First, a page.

3.4. The role of oriented aggregation in nanoparticle growth
The present description of the vernadite-to-feitknechtite transformation, from macroscopic to crystal scales, is consistent with our current understanding of this transformation (Elzinga, 2011, 2016; Lefkowitz et al., 2013; Lefkowitz & Elzinga, 2015). One of the key findings is the major role of oriented aggregation in the nucleation and growth of feitknechtite from δ-MnO2 precursors. This process is increasingly recognized as one of the main processes responsible for nanoparticle growth (Penn, 2004; Niederberger & Colfen, 2006; Yuwono et al., 2010): carbonates (Shen et al., 2006), iron (Jia & Gao, 2008a and b) and manganese (Portehault et al., 2007) oxides. It was also shown to be responsible for the phase transformations of nanoparticle precursors (e.g., Hockridge et al., 2009). Recently, oriented aggregation was shown to be involved in the formation of synthetic todorokite and cryptomelane from a δ-MnO2 precursor (Chen et al., 1986; Atkins et al., 2014, 2016; Grangeon et al., 2015) and in the change of δ-MnO2 layer symmetry, from hexagonal to orthogonal (Zhao et al., 2016). It is thus possible to speculate that Mn oxides found in surficial environments were to a large extent formed from vernadite precursors (Bodeï et al., 2007; Xu et al., 2010), possibly through oriented aggregation mechanisms.
4. Concluding remarks: environmental implications
Vernadite with hexagonal layer symmetry is a sink for many trace elements in the environment. In natural settings were Mn2+(aq) is abundant, such as in lake and marine water columns and in sediments (Burdige, 1993), interactions between vernadite and Mn2+(aq) may induce morphological and mineralogical changes that could impact its reactivity and the fate of trace elements sorbed at its surface. Two main structural transformations were identified during reaction of δ-MnO2 (synthetic vernadite) with Mn2+(aq). At a low Mn2+ to δ-MnO2 ratio (<3.27 mmol g−1), δ-MnO2 crystal size increased with Mn2+(aq). At a Mn2+ to δ-MnO2 ratio of 3.27 mmol g−1 or higher, δ-MnO2 was converted to synthetic feitknechtite, and the size of synthetic feitknechtite crystals was observed to increase with Mn2+(aq). δ-MnO2 with orthogonal layer symmetry was not detected as a transformation intermediate, possibly because experiments were conducted at slightly acidic pH (Zhao et al., 2016).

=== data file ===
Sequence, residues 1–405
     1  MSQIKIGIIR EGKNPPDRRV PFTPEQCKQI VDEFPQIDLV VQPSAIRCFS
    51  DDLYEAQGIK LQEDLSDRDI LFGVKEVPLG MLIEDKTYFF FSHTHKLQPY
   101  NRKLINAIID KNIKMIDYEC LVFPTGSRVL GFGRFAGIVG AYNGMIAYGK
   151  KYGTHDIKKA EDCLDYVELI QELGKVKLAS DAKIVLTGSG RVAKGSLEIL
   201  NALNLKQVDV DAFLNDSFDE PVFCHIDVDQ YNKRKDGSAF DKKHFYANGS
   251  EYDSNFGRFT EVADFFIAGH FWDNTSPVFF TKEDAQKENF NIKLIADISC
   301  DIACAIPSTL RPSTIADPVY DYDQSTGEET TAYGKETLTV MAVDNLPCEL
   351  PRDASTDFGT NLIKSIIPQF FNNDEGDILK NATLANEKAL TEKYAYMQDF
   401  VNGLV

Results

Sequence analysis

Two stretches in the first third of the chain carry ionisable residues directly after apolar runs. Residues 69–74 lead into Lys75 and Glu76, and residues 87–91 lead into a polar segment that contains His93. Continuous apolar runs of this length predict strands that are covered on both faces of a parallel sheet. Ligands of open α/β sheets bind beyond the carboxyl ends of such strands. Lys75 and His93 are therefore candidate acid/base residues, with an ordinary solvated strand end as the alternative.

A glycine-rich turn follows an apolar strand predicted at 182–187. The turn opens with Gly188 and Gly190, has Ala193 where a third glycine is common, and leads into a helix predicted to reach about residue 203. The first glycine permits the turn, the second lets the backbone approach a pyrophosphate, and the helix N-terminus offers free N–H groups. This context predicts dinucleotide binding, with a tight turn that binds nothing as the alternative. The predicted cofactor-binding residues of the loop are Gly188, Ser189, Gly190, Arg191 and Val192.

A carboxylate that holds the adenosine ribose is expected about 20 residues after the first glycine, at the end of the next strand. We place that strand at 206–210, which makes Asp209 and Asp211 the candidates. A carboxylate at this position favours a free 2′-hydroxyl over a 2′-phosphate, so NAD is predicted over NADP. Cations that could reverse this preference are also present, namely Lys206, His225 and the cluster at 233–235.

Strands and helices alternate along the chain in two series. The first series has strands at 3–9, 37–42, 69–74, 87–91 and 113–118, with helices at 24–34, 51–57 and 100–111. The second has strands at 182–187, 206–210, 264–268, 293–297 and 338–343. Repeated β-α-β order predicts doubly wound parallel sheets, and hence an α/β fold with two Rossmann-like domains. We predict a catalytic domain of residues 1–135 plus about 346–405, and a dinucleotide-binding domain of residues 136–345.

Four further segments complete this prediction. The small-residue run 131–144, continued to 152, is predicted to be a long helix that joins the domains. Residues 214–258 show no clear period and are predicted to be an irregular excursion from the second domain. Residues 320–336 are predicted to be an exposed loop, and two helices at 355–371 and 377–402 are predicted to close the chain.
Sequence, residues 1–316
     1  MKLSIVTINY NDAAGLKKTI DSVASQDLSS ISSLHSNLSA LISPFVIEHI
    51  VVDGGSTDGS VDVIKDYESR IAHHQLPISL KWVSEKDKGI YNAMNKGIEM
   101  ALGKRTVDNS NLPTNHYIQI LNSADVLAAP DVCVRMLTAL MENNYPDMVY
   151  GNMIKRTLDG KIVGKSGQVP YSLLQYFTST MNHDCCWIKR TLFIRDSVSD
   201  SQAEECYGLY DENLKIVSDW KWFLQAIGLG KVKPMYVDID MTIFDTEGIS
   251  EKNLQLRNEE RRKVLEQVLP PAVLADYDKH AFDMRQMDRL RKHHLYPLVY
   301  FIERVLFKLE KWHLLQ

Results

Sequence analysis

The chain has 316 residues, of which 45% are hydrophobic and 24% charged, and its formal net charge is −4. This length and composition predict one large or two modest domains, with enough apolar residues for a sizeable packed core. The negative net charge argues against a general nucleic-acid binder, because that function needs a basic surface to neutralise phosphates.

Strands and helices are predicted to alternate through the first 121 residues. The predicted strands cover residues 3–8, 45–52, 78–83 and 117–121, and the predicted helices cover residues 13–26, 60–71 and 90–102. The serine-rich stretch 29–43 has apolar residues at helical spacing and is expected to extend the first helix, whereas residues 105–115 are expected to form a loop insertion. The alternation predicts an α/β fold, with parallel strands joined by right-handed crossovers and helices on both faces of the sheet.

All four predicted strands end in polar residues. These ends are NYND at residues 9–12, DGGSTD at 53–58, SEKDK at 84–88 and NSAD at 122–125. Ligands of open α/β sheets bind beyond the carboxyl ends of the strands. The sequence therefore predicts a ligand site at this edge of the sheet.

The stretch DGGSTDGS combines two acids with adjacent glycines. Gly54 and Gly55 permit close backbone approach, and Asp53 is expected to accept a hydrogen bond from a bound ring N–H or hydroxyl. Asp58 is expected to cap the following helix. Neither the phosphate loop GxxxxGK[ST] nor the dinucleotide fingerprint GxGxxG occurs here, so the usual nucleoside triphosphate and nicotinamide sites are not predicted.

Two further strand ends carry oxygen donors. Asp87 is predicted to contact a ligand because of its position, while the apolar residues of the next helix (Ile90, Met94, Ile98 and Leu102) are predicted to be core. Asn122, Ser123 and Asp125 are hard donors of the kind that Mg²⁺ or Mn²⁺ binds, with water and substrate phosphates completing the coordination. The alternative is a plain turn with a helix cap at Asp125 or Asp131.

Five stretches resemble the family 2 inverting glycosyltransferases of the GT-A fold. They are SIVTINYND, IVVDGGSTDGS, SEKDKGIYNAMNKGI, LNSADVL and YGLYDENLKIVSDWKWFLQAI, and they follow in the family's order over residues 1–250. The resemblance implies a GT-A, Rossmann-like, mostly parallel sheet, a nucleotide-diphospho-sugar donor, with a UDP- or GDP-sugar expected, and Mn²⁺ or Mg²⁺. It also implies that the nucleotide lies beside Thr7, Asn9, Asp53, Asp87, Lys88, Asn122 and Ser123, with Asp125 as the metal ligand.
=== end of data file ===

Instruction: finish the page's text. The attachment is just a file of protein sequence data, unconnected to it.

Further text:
When crystal size increases, the specific surface area, and especially the contribution of particle edges to this surface, decreases. Vernadite edge sites being reactive (Simanova et al., 2015), the increase in vernadite crystal size when in contact with Mn2+(aq), even at low concentrations, can be detrimental to its trace-metal scavenging ability. By analogy, the same is expected for feitknechtite at high Mn2+ to δ-MnO2 ratio. The impact of the vernadite-to-feitknechtite transformation on the fate of trace elements remains unclear, however. The lack of any significant dissolution of δ-MnO2 potentially minimizes the release of trace metal elements along the reaction pathway, but their possible incorporation in the newly formed feitknechtite structure remains undocumented. Unlike tunnel structures, feitknechtite has been observed seldom in natural settings, probably because of its limited chemical stability and high sensitivity to fluctuation in redox conditions, which lead to its back-conversion to vernadite (Bargar et al., 2005). Consequently, no data are currently available to evaluate the affinity of trace elements for feitknechtite in natural settings. Similar to tunnel structures (Liu et al., 2004; Kumagai et al., 2005; Cui et al., 2011; Atkins et al., 2014), additional insights into vernadite reactivity in suboxic systems and its impact on the fate of trace metals could probably be sought experimentally as feitknechtite is frequently observed in laboratory experiments mimicking natural conditions (Hem et al., 1982; Murray et al., 1985; Wang et al., 2015).
S.G. acknowledges funding by the French National Research Agency (ANR, grant ANR-14-CE01-0006) and thanks Jacques Deparis, Nicolas Marty and Julie Philibert for fruitful discussions. SOLEIL data were acquired in the frame of proposal 20141260. A. Fernandez-Martinez and T. Conte are respectively thanked for help during XRD data collection and Mn2+ measurement. This article benefited from comments and suggestions by an anonymous reviewer and Alain Baronnet.